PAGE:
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Our quantitative data points are meant to provide a high-level understanding of factors in equity risk models for Graco Inc. Portfolio managers use these models to forecast risk, optimize portfolios and review performance.
We show how GGG stock compares to 2,000+ US-based stocks, and to peers in the Producer Manufacturing sector and Industrial Machinery industry.
Please do not consider this data as investment advice. Data is downloaded from sources we deem reliable, but errors may occur.
Graco, Inc. is a manufacturing company, which designs, manufactures and markets systems and equipment used to move, measure, control, dispense and spray fluid and powder materials. It operates through the following segments: Industrial, Contractor and Process. The Industrial segment includes the Applied Fluid Technologies, Industrial Products and Process divisions. It markets equipment and pre-engineered packages for moving and applying paints, coatings, sealants, adhesives and other fluids. The Process segment markets pumps, valves, meters and accessories to move and dispense chemicals, oil & natural gas, water, wastewater, petroleum, food, lubricants and other fluids. The Contractor segment equipment includes sprayers that apply texture to walls and ceilings, highly viscous coatings to roofs and markings on roads, parking lots, athletic fields and floors. Graco was founded by Russell Gray and Leil Gray in April 1926 and is headquartered in Minneapolis, MN.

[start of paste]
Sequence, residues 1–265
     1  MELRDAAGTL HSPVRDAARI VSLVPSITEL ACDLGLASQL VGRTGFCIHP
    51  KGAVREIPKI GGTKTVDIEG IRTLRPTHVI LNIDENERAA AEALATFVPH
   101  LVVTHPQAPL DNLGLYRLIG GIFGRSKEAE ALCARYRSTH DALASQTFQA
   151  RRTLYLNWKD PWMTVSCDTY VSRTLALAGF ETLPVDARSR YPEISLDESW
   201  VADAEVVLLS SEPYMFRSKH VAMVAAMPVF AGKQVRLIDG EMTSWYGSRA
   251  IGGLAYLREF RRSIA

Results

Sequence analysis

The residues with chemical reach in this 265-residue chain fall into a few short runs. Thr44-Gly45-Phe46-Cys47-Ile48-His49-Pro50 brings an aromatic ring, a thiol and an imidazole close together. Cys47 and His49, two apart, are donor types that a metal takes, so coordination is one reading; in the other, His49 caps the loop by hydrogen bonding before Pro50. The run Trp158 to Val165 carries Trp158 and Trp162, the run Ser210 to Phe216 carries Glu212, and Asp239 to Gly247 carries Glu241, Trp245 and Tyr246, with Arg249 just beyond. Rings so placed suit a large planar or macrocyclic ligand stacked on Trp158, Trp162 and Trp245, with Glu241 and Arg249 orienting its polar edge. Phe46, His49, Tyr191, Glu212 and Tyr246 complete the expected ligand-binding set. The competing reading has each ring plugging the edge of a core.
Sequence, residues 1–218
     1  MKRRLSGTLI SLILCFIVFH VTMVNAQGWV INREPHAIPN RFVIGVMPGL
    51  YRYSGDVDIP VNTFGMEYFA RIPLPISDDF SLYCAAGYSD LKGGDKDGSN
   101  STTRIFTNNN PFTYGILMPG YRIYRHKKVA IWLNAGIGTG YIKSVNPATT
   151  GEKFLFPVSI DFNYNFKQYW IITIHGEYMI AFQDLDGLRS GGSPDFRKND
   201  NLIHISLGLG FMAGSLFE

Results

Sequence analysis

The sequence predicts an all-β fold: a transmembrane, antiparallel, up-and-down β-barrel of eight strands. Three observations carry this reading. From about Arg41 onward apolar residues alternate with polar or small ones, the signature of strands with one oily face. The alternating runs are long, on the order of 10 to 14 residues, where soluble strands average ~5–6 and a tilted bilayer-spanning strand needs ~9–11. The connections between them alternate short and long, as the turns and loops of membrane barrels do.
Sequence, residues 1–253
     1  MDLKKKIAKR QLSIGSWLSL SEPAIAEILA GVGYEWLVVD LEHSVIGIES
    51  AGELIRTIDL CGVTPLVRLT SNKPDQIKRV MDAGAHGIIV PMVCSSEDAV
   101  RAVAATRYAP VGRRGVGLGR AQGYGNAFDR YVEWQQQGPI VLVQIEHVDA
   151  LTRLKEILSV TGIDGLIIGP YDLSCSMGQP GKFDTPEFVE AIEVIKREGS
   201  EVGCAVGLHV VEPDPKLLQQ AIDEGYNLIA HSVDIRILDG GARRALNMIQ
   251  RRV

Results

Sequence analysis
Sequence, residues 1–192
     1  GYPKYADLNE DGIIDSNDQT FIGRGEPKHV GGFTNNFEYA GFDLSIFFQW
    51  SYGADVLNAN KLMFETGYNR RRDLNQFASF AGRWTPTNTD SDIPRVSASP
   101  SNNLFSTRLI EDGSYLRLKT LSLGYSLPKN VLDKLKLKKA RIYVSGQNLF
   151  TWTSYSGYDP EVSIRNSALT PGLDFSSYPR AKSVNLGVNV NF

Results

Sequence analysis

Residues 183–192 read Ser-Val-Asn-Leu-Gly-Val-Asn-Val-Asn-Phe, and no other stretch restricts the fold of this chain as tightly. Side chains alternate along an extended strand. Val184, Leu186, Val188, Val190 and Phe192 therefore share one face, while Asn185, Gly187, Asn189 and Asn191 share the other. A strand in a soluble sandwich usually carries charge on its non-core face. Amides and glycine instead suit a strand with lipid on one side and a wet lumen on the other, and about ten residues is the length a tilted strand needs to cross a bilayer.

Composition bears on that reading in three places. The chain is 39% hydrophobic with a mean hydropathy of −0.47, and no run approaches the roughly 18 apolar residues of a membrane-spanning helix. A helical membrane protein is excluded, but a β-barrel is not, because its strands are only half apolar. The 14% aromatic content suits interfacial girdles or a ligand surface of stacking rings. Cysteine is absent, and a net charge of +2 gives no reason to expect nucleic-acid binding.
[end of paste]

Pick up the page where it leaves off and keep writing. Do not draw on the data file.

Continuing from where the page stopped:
Many of the following risk metrics are standardized and transformed into quantitative factors in institutional-level risk models.
Rankings below represent percentiles from 1 to 100, with 1 being the lowest rating of risk.
Stocks with higher beta exhibit higher sensitivity to the ups and downs in the market. (↑↑)
Stocks with higher market capitalization often have lower risk. (↑↓)
Higher average daily dollar volume over the past 30 days implies lower liquidity risk. (↑↓)
Higher price momentum stocks, aka recent winners, equate to lower risk for many investors. (↑↓)
Style risk factors often include measures of profitability and payout levels.
Companies with higher earnings generally provide lower risk. (↑↓)
Companies with higher dividend yields, if sustaintable, are perceived to have lower risk. (↑↓)
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